PARIS – Some thoughts following the terrorist attacks on Paris which left over one hundred and twenty people dead and many severely wounded, at the time of writing.

My first thoughts following the news of the Paris attacks were to get off the internet. Stop tweeting, stop writing, stop reading. As Kurt Vonnegut told us, ‘There is nothing intelligent to say after a massacre’. It was a quote I had cited following the Charlie Hebdo murders in January and the noise that inevitably follows is distressing and often unhelpful. There were those who immediately want to make political capital from the bloodshed to show that liberals were hopelessly naïve in their openness. The far right have a particular field day. And then there are the liberals who feel that the time has come to remind you about the massacres in Kenya and Beirut which got less press and outrage on social media. Well done. Although there’s a valid point here, there’s more than a whiff of righteousness in seeking to refine our sense of horror into a ‘teachable moment’. Our profiles will now be suitably flagged and details will emerge. Narratives and counter narratives will be unwoven and unfurled, but none of it really means more than Marlon Brando whispering The Horror! The Horror! at the end of Apocalypse Now.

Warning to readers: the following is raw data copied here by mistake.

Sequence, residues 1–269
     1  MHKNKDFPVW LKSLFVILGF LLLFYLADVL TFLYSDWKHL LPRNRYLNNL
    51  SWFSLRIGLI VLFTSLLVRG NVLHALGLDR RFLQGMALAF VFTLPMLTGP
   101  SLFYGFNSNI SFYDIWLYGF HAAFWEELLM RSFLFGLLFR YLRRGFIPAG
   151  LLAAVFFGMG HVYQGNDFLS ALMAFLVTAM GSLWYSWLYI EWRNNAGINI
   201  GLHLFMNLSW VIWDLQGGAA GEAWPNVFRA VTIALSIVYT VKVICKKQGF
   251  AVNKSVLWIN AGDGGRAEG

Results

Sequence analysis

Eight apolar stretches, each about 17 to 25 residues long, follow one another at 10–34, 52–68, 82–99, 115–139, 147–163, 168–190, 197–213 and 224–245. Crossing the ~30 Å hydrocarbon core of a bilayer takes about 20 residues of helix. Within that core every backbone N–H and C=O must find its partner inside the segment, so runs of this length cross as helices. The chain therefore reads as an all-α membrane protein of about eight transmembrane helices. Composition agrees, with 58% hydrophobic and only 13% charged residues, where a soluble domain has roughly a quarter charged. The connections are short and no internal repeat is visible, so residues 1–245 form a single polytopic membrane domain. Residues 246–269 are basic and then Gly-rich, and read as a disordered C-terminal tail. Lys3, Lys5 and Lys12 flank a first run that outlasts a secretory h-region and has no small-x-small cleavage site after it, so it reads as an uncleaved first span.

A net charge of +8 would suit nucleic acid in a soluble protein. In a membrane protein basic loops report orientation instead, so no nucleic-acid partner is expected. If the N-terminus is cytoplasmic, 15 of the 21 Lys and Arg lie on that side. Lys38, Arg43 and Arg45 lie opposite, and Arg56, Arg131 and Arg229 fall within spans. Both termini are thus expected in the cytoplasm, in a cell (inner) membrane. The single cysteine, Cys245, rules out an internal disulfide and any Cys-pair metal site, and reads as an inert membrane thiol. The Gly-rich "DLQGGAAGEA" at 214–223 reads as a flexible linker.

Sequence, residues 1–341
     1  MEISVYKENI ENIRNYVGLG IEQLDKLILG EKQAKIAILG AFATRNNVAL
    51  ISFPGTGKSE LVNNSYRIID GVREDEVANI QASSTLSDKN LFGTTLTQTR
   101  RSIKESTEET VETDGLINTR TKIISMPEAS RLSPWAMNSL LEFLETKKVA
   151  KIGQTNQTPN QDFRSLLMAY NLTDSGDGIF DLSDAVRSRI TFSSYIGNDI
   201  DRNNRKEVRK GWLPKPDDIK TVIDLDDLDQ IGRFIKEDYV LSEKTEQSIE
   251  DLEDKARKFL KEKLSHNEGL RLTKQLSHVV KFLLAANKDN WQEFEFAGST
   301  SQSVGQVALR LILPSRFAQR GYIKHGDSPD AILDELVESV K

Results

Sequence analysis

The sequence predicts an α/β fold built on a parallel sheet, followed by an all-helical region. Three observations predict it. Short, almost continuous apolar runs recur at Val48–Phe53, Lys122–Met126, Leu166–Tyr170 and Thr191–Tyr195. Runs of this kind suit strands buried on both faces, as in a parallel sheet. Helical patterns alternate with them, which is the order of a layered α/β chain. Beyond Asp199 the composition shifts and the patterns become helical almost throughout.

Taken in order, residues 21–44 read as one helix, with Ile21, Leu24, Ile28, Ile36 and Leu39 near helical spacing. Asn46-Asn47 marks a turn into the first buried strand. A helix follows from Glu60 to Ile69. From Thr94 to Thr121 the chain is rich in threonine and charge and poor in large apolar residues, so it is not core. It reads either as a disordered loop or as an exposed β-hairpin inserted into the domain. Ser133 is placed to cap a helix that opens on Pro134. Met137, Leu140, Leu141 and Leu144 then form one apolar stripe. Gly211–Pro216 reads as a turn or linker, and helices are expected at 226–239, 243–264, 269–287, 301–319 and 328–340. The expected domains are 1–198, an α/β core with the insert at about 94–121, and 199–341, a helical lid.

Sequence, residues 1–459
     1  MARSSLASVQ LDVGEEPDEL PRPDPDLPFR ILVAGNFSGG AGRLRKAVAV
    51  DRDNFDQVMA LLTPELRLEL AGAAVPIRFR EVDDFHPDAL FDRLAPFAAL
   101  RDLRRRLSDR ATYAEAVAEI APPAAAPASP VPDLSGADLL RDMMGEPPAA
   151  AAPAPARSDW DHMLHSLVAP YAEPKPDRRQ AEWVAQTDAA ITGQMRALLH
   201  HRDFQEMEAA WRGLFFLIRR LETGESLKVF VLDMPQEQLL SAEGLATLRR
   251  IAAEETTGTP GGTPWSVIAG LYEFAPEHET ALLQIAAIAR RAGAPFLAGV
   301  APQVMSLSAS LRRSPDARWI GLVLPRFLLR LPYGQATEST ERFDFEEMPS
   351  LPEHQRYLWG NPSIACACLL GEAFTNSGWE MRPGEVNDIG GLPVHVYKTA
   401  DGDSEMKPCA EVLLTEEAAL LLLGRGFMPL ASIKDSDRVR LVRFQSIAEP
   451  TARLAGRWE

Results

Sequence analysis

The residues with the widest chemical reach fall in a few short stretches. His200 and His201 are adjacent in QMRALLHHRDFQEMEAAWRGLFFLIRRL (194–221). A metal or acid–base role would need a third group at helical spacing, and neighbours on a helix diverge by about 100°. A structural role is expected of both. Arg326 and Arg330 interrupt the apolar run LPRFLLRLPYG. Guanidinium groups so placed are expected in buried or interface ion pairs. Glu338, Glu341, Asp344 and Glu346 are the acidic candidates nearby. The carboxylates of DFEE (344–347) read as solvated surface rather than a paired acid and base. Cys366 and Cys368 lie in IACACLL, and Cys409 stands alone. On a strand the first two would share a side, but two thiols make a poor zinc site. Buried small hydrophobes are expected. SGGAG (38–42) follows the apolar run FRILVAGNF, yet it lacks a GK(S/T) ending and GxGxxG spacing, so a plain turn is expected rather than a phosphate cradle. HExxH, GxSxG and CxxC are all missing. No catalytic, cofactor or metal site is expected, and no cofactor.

Having said that, I got one clip from British horror critic Kim Newman on my Facebook page. He put on the scene from Casablanca where the French in the exile port, teeming with refugees out sing the Nazis with the most stirring La Marseillais committed to celluloid. The prostitute sings it, the freedom fighter sings it and Ingrid Bergman listens to it. Her emotions are our emotions in that moment. And this scene reminded me of something. Casablanca is the film of refugees. In 1938 a teacher from New York spent his summer in Vienna. Murray Burnett was helping Jewish refugees to gain safe passage out of Nazi territory and Europe. Returning to the States, he wrote Everybody Comes to Rick’s about a bunch of disparate and desperate refugees trying to escape the North African town for Lisbon and then the US. No one wanted the play or the screenplay. It was too political, too anti-German, until Pearl Harbor and the day after that Irene Diamond read it at Warner Bros and thought it would work well with Ronald Reagan, or maybe, and this would be a gamble, Humphrey Bogart.